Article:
Learning Web Design Paperback – 7 September 2012
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About the Author
How This Book Is Organized
Part I: Getting Started
Part I lays a foundation for everything that follows in the book. I start off with some important general information about the web design environment, including the various roles you might play, the technologies you might learn, and tools that are available to you. You’ll get your feet wet right away with HTML and CSS and learn how the Web and web pages generally work. I’ll also introduce you to some Big Concepts that get you thinking the way modern web designers think about their craft.
Part II: HTML for Structure
The chapters in Part II cover the nitty-gritty of every element and attribute available to give content semantic structure, including the new elements introduced in HTML5. We’ll cover the markup for text, links, images, tables, and forms. Part II closes out with an in-depth discussion of HTML5 and how it differs from previous standards.
Part III: CSS for Presentation
In the course of Part III, you’ll go from learning the basics of using Cascading Style Sheets for changing the presentation of text to creating multicolumn layouts and even adding time-based animation and interactivity to the page. It also addresses common CSS techniques, including how to create a page using Responsive Web Design.
Part V: Creating Web Graphics
Part V introduces the various file formats that are appropriate for the Web and describes how to optimize them to make their file size as small as possible.
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Most helpful customer reviews on Amazon.com
I teach introductory Web Page Design to design students at Madison College in Madison, WI. This is the textbook I require my students to buy.
More important to me and my very visual students, the book is well designed (a rarity in books about web design/development). The page layout and images used make the book's information easier to understand and make the book fun to sit down and read.
Learning Web Design is a great tool for my students, and I'm sure it serves them as a great reference as they enter their careers.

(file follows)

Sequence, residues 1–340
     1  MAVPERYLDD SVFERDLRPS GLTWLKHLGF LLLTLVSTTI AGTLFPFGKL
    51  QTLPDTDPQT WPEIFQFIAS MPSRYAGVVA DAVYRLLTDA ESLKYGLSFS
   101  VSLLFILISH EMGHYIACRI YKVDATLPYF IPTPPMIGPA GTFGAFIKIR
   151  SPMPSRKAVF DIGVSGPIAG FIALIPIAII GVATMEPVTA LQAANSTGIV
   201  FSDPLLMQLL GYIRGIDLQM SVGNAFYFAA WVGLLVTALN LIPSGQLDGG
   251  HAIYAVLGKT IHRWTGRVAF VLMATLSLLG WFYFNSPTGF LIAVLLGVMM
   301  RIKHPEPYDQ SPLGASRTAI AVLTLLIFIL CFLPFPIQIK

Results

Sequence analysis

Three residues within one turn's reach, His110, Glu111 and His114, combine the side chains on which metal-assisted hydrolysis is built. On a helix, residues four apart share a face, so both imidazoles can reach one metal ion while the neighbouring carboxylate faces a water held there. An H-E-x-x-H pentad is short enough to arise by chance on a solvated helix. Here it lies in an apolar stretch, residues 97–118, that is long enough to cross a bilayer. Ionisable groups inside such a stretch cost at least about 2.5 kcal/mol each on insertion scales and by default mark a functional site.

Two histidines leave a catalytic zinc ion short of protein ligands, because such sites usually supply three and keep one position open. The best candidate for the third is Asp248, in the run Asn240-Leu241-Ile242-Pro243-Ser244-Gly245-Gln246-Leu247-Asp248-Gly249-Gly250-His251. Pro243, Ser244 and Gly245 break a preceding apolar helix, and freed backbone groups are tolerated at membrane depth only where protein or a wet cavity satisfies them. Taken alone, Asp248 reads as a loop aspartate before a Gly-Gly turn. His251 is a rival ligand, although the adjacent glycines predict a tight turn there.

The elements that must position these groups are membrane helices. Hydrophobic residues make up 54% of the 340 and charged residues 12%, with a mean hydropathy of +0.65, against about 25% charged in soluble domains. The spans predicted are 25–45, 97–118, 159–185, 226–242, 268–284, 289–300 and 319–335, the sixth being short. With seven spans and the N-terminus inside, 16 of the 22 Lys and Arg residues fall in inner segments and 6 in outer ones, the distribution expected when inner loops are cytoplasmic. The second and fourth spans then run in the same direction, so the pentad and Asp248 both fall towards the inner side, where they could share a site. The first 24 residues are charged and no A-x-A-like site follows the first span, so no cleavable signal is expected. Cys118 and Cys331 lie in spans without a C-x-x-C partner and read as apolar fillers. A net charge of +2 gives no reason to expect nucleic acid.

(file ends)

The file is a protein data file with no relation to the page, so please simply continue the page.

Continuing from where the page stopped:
Jennifer Robbins is a remarkable teacher. She anticipates the questions and misunderstandings some readers may have, and deals with them before they become obstacles. Although she calls this a beginner's book, she writes for aspiring web professionals, and her thoroughness reflects this intent. The exercises are well-designed, and the end-of-chapter questions helpful in determining if you really
"got it" (answers are in the back of the book). I like the many references to books and web articles extending the scope of her book; she seems well-informed on the cutting edge of web design. Her writing is clear, and difficult concepts are well-explained. Digital files of all the book's examples are available on O'Reilly's website. (I appreciate that O'Reilly does not require a code to download the files. Actually, it's a good marketing strategy, because a lot of people will buy O'Reilly's books when they find out how good all their stuff is!) I love this book!
This book is a good start. I think the best way to learn is to experiment a LOT with test pages. Also, view the source codes on random web pages you visit and see how things are put together on real, polished web pages. The problem with books on technology is that within a couple years things can change so much. If you're interested in web development as a career, you definitely have to be on top of what's going on.
All in all, I am definitely happy with the purchase.